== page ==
But from a few years further down the road, I can see that the real value was in the play, in giving free reign to my imagination, and in challenging myself to grow.
I finally have a few new projects in the works again, with varying degrees of public exposure; I even have one which I plan to do entirely secretly, just to see what that feels like. Because what is important to me is not that I become rich or famous or even that I get work from these projects, but that I allow myself to fall back in love with what made me pursue my art in the first place. Everything else comes from there.
Colleen Wainwright writes and speaks in lots of places, but she can only tell you about a few of them for now.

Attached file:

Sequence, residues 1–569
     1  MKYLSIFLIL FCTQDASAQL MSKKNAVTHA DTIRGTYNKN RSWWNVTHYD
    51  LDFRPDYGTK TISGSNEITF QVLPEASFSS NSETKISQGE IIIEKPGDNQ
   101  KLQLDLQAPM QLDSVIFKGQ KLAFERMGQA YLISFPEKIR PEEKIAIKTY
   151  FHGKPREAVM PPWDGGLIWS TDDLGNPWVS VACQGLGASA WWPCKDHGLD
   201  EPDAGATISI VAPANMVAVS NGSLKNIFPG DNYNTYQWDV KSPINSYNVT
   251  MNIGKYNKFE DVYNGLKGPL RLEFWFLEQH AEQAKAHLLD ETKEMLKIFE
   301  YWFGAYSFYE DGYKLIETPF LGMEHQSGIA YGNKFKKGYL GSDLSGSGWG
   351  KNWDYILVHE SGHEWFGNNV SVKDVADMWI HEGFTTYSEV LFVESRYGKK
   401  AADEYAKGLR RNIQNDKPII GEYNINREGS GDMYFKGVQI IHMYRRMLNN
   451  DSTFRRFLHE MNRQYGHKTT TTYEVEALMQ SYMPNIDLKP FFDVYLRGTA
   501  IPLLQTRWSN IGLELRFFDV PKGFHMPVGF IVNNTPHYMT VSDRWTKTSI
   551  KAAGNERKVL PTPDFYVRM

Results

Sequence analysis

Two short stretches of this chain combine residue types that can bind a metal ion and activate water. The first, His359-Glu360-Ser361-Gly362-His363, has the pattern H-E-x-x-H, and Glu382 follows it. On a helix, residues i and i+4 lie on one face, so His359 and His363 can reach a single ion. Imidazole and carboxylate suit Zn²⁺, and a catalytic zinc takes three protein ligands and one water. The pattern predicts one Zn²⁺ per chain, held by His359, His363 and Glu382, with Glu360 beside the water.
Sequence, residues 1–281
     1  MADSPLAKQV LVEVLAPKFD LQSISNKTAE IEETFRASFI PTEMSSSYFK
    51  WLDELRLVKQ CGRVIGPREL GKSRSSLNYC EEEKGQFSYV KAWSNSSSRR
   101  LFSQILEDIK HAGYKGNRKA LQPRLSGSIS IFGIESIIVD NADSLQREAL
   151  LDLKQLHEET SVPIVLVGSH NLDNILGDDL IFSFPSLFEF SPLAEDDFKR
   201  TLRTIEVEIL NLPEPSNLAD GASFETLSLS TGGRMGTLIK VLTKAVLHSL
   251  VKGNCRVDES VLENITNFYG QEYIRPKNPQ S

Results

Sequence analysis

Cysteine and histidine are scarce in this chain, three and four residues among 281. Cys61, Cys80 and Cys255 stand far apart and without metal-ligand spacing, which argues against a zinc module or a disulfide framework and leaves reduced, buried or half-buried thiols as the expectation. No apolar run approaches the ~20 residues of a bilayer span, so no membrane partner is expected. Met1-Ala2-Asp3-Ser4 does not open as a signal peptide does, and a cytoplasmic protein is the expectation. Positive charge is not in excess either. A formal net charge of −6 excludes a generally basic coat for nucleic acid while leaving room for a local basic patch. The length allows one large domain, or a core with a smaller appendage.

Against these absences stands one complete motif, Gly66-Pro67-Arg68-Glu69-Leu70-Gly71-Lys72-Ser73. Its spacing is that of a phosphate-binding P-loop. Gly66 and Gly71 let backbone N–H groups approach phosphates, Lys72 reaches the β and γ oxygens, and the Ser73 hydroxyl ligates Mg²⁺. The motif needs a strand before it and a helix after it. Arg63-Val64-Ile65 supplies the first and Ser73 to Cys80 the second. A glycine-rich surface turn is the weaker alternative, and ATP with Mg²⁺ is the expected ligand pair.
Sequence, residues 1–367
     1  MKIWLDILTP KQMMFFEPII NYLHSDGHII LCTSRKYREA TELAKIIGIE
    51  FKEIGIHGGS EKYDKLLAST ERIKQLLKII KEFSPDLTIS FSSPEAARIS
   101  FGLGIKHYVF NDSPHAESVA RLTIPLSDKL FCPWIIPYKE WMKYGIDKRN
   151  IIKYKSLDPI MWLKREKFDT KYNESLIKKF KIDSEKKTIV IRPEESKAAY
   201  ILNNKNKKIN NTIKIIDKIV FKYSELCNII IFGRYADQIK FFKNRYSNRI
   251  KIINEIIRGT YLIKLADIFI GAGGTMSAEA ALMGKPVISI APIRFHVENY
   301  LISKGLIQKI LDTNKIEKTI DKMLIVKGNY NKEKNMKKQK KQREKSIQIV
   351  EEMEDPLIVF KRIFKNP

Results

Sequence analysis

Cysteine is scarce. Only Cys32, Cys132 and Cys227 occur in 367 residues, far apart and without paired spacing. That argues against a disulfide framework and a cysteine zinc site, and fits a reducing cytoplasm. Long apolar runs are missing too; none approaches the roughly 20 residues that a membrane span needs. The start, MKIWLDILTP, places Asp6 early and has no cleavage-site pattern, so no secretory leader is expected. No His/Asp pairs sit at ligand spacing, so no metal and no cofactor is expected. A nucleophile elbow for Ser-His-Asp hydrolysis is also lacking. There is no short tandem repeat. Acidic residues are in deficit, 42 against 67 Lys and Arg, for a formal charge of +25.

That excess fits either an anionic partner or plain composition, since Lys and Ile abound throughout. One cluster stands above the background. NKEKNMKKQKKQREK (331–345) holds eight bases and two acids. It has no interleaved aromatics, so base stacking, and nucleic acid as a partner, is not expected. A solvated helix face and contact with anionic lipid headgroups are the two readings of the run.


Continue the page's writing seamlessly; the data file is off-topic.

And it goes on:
[by Chris Winton-Stahle]
In November 2014 I wrote a post called “The Value of Personal Work”, which laid out my personal philosophy about creating fun, relevant images that appeal to a target audience and how I plan to grow as a commercial artist by creating the work I want to attract. This article is more in depth; specifically explaining my process with two recently created personal images.
Let’s state the obvious. Creating personal work should be fun. Doing work that keeps you passionate about photography is vital. That being said, the personal work you create must be relevant to your desired market or it must connect in some way with the people in a position to hire you.
Every November, my wife, Heidi, and I create an independently produced holiday card that we consider a marketing expense for our two companies and we send them out to our clients, colleagues and friends nationwide. We start with a fun concept and we find a way to produce it within the marketing budget we have dedicated to it. Sound familiar?